Overall Activity Status: I’m getting mixed reports up and down the Lone Star State. But there does seem to be a common theme: there are fewer-than-normal bucks at the corn feeders. I expect that to change as the weather cools. Also, bucks should start seriously sniffing does next week. If does are hitting your feeder now, it’s just a matter of time before a buck investigates. That should significantly ramp up buck sightings in the central and northern parts of the region by mid-November.
Fighting: A friend hunting the eastern Texas Panhandle saw two mid-sized bucks shove each other back and forth. As he watched, another fight broke out behind him in the trees. On Friday, October 26, I went after a specific buck I’d seen before–a mature 10-point with a symmetrical rack of about 140-inches. He came in with about ten minutes of shooting light left, but through the binoculars I could see he’d broken off one of his 5-inch brow tines. I decided to pass him and hope we meet again next year, with all tines intact of course. Expect to find more and more bucks with broken antlers as we get closer to the rut.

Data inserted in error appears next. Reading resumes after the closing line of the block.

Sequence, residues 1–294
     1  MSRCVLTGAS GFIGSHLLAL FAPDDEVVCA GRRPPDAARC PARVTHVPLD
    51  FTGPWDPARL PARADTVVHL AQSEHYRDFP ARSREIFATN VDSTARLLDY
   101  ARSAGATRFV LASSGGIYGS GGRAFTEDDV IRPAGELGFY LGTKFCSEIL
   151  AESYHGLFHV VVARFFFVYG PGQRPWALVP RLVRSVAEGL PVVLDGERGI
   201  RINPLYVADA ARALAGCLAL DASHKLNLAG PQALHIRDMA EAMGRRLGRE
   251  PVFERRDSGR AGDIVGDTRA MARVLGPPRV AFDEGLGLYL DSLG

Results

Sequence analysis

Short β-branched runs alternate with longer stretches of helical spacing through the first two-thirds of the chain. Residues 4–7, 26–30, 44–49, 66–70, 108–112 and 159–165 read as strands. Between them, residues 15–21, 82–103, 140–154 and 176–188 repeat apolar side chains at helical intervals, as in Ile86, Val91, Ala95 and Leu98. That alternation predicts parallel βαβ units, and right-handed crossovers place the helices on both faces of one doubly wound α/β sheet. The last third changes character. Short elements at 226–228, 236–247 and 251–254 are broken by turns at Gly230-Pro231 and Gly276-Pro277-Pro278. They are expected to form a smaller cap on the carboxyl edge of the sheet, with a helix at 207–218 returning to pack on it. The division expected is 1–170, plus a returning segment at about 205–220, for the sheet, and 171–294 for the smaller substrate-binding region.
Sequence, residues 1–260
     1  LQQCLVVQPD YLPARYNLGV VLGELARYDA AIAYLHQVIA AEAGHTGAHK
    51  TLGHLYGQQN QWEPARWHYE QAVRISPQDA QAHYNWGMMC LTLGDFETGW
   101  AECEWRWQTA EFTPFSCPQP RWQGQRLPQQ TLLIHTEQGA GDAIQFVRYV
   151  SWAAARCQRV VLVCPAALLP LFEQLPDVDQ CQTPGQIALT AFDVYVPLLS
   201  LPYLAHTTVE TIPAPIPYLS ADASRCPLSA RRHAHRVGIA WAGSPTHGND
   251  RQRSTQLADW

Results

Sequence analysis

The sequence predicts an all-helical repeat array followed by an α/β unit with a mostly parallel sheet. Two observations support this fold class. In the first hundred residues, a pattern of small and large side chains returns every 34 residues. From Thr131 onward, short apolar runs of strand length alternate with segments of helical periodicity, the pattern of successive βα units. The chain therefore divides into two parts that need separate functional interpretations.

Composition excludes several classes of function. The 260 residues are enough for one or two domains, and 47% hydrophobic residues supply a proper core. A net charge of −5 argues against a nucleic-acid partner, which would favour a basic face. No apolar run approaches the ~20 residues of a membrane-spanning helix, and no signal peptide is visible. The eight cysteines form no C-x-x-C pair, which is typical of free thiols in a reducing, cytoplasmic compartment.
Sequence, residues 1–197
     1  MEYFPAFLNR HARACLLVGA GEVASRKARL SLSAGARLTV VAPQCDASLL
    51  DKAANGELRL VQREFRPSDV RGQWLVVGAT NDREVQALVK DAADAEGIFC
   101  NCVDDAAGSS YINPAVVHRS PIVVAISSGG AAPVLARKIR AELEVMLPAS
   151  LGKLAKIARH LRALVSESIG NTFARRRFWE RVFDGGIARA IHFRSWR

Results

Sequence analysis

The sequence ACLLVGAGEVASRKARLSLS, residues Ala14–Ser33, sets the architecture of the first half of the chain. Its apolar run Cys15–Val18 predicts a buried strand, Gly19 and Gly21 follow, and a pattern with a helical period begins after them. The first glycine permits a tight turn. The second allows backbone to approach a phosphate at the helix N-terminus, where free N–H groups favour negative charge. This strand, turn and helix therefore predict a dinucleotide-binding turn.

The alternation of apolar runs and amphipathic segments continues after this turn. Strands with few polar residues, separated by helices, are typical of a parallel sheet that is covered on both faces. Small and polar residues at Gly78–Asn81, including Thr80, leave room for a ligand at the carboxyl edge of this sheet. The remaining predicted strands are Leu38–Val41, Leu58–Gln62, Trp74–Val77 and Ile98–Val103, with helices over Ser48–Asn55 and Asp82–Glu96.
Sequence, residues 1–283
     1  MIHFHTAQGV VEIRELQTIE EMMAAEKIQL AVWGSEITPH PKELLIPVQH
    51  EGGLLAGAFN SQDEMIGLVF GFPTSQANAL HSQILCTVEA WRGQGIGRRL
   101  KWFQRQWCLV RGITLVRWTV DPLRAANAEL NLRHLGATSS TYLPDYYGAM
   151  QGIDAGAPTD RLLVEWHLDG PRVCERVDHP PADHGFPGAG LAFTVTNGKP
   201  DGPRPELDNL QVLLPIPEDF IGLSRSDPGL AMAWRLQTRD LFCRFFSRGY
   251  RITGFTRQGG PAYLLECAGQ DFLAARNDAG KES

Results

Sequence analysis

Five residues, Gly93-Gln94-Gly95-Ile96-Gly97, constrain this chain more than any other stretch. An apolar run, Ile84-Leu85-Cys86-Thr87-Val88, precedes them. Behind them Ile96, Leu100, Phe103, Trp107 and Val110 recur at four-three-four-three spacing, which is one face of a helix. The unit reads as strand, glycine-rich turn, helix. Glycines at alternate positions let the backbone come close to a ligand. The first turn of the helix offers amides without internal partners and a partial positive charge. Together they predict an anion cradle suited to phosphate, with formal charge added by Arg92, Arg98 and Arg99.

Rub Making: I’m seeing the same rubs from earlier in the season. No fresh sign around my setups.
Scrape Making: I have spotted a couple of fresh scrapes, both along the local creek. They had overhanging limbs, and the ground had been pawed out about the size of a beach ball.
Chasing: Two friends have seen bucks chasing does–young bucks in both cases. One sighting was at night, via truck headlights, in western Oklahoma, the buck intercepting a specific doe like a cutting horse. The other was west of Fort Worth in Texas. Most hunters, however, report that bucks are showing little if any interest in the girls.
Daytime Movement: I’ve personally seen bucks during the last 30 minutes of daylight the last two times I’ve sat near a corn feeder. A friend hunting in central Texas reports that his nephew shot an old buck at 1 p.m. near a corn feeder during the youth season.
Estrous Signs: Other than a couple of isolated reports of small bucks chasing does, none to report.
X-Factor: Now is not the time to leave the stand early, as last light seems to be prime time. My friend, Shawn Hoover, took his sons hunting in western Oklahoma during the youth season. Hunting from a double ladder stand, Shawn’s 16-year-old son, Reagan, used a rifle to shoot this buck (pictured above) from 150 yards at last light. The buck’s dressed weight was about 175 pounds and tooth wear appears to put him at 6 ½ years old. The typical 10-pointer grosses 158 inches and has a long kicker off the back of one brow tine. Also in the picture is his younger brother, Dylan.